Amtrak set up a Twitch stream in Bay St. Louis, Mississippi, on Wednesday that shows an empty railroad track in front of a parking lot. Birds can be heard chirping in the background, and otherwise nothing happens. The stream was up for a few minutes and then died twice. “We’re having tech difficulties but will be back on soon,” Amtrak said in the chat. “It’s our first time streaming, so bare [sic] with us, gamers.”
Amtrak getting into Twitch is the latest salvo in an ongoing fight between the passenger rail network and freight companies CSX and Norfolk Southern (NS) over restoring service between Mobile, Alabama, and New Orleans. Amtrak, a government-chartered corporation, was created in 1971 from the ashes of private carrier passenger service. As part of the deal, freight rail companies generally retained ownership of the tracks, along with the responsibility of maintaining them and running service. Amtrak received the rights to run trains along those tracks. By law, Amtrak’s passenger trains also have priority over freight traffic. But in practice this doesn’t happen, and freight traffic is the leading source of delays on Amtrak trains outside the Northeast Corridor, one of the only places Amtrak retains ownership of tracks (along with sections owned by state governments that also operate commuter rails).
While there has long been tension between Amtrak’s passenger service and freight rail operations, the Gulf Coast fight has turned particularly ridiculous. Amtrak wants to run two round-trip trains a day between those cities, which stopped service after Hurricane Katrina. CSX and NS are trying to block this, claiming it would “impair unreasonably” freight operations and without infrastructure improvements there would be “a near catastrophic meltdown of freight operations.” Those upgrades, the railroads say, would cost some $440 million.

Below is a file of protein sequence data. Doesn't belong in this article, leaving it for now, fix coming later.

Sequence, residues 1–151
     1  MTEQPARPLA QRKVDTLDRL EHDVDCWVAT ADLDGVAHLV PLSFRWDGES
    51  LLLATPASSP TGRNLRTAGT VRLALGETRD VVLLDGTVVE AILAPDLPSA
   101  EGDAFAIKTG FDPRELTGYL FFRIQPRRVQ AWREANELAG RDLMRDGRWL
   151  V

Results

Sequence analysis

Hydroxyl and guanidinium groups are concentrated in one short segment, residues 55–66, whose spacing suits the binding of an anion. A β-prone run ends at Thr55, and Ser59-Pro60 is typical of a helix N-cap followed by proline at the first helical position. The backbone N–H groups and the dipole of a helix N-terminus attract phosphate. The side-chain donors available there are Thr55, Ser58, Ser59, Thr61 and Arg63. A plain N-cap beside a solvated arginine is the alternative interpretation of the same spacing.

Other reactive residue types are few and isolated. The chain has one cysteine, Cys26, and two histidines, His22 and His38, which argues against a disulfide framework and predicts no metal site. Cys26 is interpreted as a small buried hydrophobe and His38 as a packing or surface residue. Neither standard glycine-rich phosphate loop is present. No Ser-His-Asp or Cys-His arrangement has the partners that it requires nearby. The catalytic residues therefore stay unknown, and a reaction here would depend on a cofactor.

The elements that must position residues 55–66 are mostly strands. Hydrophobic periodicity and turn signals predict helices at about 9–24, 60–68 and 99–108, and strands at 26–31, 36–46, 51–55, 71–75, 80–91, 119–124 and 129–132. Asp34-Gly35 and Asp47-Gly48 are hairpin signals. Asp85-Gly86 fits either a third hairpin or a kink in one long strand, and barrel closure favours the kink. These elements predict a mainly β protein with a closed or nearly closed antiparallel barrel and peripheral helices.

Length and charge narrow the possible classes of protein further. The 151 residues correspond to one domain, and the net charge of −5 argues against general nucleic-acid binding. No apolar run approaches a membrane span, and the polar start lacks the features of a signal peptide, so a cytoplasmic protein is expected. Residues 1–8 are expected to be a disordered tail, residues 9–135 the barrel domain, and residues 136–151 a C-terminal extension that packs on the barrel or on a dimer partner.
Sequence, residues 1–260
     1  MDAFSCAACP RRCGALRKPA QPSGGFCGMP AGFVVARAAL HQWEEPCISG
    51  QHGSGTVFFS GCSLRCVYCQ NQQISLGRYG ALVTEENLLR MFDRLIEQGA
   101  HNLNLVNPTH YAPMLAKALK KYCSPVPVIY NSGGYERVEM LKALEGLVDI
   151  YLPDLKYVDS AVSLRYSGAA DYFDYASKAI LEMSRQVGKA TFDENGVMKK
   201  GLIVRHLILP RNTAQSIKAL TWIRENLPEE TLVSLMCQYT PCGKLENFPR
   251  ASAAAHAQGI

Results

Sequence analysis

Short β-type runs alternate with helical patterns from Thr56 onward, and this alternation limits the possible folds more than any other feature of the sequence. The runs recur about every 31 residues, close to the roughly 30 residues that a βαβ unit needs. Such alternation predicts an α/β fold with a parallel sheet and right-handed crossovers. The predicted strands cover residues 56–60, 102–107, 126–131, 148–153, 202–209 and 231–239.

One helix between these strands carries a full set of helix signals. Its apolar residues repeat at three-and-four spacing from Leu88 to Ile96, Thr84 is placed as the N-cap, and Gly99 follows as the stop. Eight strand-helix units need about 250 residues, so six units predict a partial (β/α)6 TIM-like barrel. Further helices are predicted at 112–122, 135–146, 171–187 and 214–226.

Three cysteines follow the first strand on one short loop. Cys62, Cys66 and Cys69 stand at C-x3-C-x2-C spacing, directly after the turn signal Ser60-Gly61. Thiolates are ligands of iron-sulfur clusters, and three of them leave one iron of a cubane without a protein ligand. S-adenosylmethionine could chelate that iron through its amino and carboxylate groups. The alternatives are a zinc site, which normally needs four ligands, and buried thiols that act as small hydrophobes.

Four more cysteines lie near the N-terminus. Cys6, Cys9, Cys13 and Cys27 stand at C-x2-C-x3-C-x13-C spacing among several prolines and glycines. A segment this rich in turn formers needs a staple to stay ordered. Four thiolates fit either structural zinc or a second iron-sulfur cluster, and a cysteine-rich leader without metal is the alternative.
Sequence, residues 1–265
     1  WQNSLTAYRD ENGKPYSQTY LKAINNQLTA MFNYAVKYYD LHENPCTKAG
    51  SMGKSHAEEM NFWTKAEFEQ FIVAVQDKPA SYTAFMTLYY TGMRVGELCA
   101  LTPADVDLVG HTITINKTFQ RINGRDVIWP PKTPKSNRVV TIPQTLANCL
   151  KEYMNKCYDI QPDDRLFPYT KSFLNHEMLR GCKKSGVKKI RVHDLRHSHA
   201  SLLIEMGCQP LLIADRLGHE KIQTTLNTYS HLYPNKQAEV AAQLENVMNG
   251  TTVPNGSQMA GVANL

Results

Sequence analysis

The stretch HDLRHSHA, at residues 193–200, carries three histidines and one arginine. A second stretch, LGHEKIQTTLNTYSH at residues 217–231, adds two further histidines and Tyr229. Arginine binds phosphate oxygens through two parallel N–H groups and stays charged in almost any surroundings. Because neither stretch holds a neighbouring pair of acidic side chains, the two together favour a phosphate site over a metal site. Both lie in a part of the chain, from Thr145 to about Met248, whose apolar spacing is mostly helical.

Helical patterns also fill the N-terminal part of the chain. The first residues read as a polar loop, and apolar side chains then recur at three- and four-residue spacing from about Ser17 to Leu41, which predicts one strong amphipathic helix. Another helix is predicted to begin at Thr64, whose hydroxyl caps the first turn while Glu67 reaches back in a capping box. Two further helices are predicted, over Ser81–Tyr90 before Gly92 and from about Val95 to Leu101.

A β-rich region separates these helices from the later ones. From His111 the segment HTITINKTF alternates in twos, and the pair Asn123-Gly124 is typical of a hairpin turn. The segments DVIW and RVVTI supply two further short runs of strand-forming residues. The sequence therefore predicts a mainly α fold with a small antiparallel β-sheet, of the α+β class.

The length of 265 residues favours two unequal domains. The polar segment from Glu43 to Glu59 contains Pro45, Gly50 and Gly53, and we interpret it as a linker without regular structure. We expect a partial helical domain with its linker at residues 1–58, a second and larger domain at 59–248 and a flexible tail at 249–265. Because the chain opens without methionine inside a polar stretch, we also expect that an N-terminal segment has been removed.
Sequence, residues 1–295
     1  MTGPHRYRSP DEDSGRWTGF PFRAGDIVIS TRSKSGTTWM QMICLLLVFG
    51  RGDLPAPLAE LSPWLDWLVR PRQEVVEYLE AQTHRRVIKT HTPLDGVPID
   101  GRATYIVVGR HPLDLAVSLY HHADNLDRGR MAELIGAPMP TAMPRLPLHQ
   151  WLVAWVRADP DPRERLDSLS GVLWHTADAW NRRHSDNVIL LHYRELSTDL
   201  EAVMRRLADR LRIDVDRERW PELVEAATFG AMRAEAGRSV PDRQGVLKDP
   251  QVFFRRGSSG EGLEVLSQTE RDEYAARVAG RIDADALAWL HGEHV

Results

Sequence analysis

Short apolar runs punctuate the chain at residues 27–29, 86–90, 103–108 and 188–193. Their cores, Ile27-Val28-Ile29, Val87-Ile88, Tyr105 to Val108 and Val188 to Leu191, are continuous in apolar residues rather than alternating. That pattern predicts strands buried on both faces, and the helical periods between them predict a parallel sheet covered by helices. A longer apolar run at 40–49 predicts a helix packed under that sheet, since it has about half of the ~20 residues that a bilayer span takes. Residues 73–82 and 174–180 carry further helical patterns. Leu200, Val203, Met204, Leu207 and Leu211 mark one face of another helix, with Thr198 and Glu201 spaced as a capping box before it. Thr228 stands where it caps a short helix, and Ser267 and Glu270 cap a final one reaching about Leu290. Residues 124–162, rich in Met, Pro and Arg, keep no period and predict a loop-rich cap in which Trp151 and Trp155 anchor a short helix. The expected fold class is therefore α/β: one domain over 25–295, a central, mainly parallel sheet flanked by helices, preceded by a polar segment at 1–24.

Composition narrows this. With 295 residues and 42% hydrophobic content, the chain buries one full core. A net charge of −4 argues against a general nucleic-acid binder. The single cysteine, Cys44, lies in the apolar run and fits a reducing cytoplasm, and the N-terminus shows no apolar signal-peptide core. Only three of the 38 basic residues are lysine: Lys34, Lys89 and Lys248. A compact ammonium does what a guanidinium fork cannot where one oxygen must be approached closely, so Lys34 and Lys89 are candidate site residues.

As part of the ongoing beef, CSX has said Amtrak running two trains a day on this “very busy corridor” would be problematic for its own freight service. Which is why Amtrak decided to start the Twitch stream, to find out how busy the corridor really is.
Between 8 a.m. and 12:49 Central Time, Amtrak says it counted three trains on CSX’s tracks.
Update: After publication, in response to a Motherboard request for comment, CSX dismissed the Amtrak stunt. “It takes a freight train about 8-10 hours to travel between New Orleans and Mobile,” a CSX spokesperson said in a statement. “Focusing on one point of a line that traverses approximately 138 single track miles, major ports and Interchange points and then purporting that it is indicative of the operational realities of the entire line is grossly misleading. Anyone that understands railroad operations, including Amtrak, would know that.”
An Amtrak spokesperson responded, “If CSX would answer questions to the media about how many through trains are on this route, then we wouldn’t have to set up these cameras.”
CSX has not responded to a Motherboard inquiry about how many through trains are on this route per day. We will keep providing updates on this beef as the situation develops.
Update #2: CSX responded to Motherboard’s question about how many through trains it runs on this route per day: 8-10 through trains, 1-3 coal and grain trains, and “numerous” local trains. The CSX spokesperson also noted Amtrak wants to run two round-trips per day, so four trains altogether.